FIVE British churches are calling for a "full and independent
review" of the sanctions regime for those on unemployment benefits,
and an "urgent reform of the hardship-payments system" after a
series of Freedom of Information Act requests revealed that 100,000
children were affected by benefit sanctions in 2013/14.
The figures come in a report, Time to Rethink Benefit Sanctions,
published by the Baptist Union of Great Britain, the Church in
Wales, the Church of Scotland, the Methodist Church, the URC, and
the campaign group Church Action on Poverty.
There are two main unemployment benefits that can be affected by
sanctions: Jobseekers Allowance, for those actively seeking work;
and Employment and Support Allowance, for those unable to work
because of illness or disability.
The report says that these benefits were suspended on more than
one million occasions last year; affecting more than one fifth of
all job-seekers. In most instances, benefits were stopped for a
month; some, though, have had their benefit suspended for up to
About 100,000 children were affected by these sanctions in
2013/14, the report suggests. It also says that more than 100
people assessed as unfit for work because of mental-health problems
are sanctioned each day. In all, a total of seven million weeks of
sanctions were imposed in the year 2013/14, up from 1 to 1.5
million weeks during the previous decade.
"Sanctions are a system of penalties imposed on those who have
not obeyed, in full, detailed instructions related to finding
work," the report says. "This policy has been slowly introduced
into the benefit system since the mid 1980s. Before this, people
who did not meet basic conditions such as being available for work
were removed from the benefit roll.
"However, unlike sanctions, there was no punishment intended -
therefore a person was able to reapply for benefit when they became
available for work."
It describes the sanctions regime as "a deliberate punishment",
and says: "We are disturbed that a benefit system intended to
provide for the needy and vulnerable is used as a means of coercion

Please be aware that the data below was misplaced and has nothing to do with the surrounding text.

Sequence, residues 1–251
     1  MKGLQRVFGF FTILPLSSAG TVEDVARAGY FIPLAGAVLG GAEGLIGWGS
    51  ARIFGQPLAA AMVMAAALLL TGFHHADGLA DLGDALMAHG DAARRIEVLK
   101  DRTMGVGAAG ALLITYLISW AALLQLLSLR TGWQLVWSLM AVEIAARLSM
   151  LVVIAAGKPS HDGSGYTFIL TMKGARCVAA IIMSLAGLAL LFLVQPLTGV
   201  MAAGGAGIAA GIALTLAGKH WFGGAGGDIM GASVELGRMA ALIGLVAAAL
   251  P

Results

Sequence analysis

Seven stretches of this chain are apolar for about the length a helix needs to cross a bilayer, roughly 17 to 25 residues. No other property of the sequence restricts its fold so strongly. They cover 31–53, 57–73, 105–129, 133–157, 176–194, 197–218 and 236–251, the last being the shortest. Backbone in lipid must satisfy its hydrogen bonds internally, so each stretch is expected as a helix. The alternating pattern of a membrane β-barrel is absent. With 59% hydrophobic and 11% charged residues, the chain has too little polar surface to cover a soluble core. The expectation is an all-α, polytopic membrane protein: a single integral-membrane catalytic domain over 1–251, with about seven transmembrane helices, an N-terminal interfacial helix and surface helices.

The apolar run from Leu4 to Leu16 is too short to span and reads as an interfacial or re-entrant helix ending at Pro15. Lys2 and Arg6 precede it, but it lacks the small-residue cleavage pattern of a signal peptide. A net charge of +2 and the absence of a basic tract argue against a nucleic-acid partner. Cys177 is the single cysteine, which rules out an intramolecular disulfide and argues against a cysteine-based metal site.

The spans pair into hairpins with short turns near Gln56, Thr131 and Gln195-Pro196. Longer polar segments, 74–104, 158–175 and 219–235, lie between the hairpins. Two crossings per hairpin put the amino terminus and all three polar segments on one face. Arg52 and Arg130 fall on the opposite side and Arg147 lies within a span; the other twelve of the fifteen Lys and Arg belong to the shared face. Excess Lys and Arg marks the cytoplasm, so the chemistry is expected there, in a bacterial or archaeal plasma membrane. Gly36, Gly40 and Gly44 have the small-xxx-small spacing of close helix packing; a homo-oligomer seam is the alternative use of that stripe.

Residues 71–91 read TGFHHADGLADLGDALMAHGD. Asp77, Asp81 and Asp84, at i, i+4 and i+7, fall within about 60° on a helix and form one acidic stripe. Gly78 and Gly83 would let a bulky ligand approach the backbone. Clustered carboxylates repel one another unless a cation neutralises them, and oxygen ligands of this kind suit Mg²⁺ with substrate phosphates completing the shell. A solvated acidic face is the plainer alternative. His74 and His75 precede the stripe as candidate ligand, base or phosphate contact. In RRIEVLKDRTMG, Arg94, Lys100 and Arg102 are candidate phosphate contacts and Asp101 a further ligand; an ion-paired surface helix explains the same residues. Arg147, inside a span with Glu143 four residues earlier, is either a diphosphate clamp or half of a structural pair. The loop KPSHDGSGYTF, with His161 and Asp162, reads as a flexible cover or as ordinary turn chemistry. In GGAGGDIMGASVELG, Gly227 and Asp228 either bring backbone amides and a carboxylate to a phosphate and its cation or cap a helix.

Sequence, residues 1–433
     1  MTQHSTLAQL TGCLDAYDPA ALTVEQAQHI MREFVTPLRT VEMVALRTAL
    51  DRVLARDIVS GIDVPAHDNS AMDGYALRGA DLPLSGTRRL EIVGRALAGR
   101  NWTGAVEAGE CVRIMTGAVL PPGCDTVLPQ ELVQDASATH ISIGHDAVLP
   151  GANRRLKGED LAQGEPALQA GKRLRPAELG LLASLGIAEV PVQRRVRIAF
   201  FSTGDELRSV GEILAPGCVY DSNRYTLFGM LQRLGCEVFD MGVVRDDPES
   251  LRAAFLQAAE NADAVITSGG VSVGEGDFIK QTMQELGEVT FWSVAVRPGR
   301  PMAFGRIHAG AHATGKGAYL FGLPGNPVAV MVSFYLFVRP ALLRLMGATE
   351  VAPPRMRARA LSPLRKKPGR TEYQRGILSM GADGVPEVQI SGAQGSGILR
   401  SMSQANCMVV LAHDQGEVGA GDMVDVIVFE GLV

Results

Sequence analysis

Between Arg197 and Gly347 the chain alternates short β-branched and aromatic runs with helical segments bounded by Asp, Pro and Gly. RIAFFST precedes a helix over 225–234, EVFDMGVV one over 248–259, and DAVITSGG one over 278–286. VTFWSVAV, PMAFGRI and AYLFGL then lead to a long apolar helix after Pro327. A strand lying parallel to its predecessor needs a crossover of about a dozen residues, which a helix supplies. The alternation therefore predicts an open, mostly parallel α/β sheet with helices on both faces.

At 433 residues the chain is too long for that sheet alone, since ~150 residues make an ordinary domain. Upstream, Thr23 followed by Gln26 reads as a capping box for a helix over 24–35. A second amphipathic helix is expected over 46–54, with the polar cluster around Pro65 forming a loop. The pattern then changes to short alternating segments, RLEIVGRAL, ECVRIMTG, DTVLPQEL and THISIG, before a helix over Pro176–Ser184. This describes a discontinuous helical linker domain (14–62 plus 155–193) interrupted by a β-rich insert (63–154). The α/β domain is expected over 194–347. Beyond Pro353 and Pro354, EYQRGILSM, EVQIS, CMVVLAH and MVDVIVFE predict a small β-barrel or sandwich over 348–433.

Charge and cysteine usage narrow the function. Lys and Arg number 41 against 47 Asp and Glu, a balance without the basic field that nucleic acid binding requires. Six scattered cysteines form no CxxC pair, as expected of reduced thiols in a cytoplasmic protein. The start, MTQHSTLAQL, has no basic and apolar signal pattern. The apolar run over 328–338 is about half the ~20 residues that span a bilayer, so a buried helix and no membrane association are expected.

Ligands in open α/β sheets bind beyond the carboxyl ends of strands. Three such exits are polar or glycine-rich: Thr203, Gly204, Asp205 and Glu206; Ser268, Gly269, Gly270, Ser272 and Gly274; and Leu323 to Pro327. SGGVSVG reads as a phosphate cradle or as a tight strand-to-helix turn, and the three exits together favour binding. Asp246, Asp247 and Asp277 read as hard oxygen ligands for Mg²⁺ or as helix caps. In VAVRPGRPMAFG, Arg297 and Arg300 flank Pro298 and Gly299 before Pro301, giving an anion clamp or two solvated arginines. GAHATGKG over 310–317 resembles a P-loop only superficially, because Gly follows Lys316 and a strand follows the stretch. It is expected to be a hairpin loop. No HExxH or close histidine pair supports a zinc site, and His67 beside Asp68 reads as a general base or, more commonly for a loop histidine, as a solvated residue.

It concludes: "It is incumbent on the Christian community to
speak out against any system which treats people so unjustly."
"The findings of this report are disturbing," the Archbishop of
Wales, Dr Barry Morgan, said. "It exposes a system that is harsh in
the extreme, penalising the most vulnerable of claimants by the
withdrawal of benefits for weeks at a time.
"Most worryingly, it appears from DWP guidance, quoted in the
report, that deprivation and hunger are knowingly being used as a
punishment for quite trivial breaches of benefit conditions.
Employers would not be allowed to stop someone's wages for a month
the first time they were ten minutes late for an appointment, but
this is the kind of sanction that is being imposed on some of the
most vulnerable people in our society, including those with mental
and physical health problems."
Dr Morgan said that the Department of Work and Pensions had not
provided data relating to Wales, despite a request made more than
three months ago. The Freedom of Information Act requires public
authorities to provide information within 20 working days.
The director of Church Action on Poverty, Niall Cooper, said:
"If you commit a crime, no criminal court in the UK is allowed to
make you go hungry as a punishment; but if you're late for an
appointment at the Jobcentre, they can remove all your income and
leave you unable to feed you or your family for weeks at a
"Most people in this country would be shocked if they knew that,
far from providing a safety net, the benefit-sanctions policy is
currently making thousands of people destitute. This policy must be
The Work and Pensions Select Committee has recently concluded an
inquiry into the benefit sanctions regime. It is due to report its
Giving evidence to the official inquiry, the Employment Minister
Esther McVey, said: "All the international evidence suggests that
sanctions do have a positive impact on people getting into work,
and there are two parts of that: as a deterrent, it has a positive
impact on moving people into work; and there is further research
that, should somebody have been sanctioned, it helps them into work
Despite repeated questioning from the committee chair, Dame Anne
Begg, Labour MP for Aberdeen South, Ms McVey was unable to cite any
evidence to support the effectiveness of the Government's recent
extension of the maximum sanction time from six months to three
Responding to today's report, the Department for Work and
Pensions said that Job Centre Plus advisers are helping claimants
back into work every day. "Sanctions are only used as a last resort
for the tiny minority who fail to take up the support which is on
The research by the five churches and Church Action on Poverty
will be featured on "Britain's Benefits Crackdown" a report from
Channel Four's Dispatches programme, tonight (Monday) at 8 p.m.
The report can be downloaded from